On the first day of May, Donald Trump sat in the Oval Office and declared that his administration was taking a look at breaking up Wall Street’s biggest banks. If they ever took him seriously, it didn’t last.
Instead of cowering, Wall Street executives and lobbyists are crowing, getting more confident about ditching rules that have annoyed them for years. That’s because the Trump administration is appointing friendly regulators and signaling it will make life easier for bankers.
“Break up the banks? That ain’t going to happen,” said Rick Hohlt, who has advised and lobbied for lenders including Citigroup Inc. for three decades. “You need legislation to do that. And the chance of that is about zero.”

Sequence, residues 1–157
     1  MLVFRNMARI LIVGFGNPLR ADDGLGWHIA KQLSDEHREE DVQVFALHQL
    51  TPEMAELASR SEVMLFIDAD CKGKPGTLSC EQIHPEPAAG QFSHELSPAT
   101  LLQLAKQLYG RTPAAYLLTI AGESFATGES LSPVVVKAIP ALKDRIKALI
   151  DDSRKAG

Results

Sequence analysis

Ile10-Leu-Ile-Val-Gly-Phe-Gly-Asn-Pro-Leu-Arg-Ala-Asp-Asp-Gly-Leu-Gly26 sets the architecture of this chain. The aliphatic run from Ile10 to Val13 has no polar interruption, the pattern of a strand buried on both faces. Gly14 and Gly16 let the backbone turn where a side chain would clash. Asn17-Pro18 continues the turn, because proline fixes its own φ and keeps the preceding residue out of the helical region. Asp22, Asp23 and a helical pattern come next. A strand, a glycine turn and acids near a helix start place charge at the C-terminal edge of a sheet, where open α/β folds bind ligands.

Two weeks after Trump’s threat, Wall Street’s hopes are high. The biggest U.S. banks want him to relax capital requirements that limit their leverage, lighten up on stress tests designed to help them survive another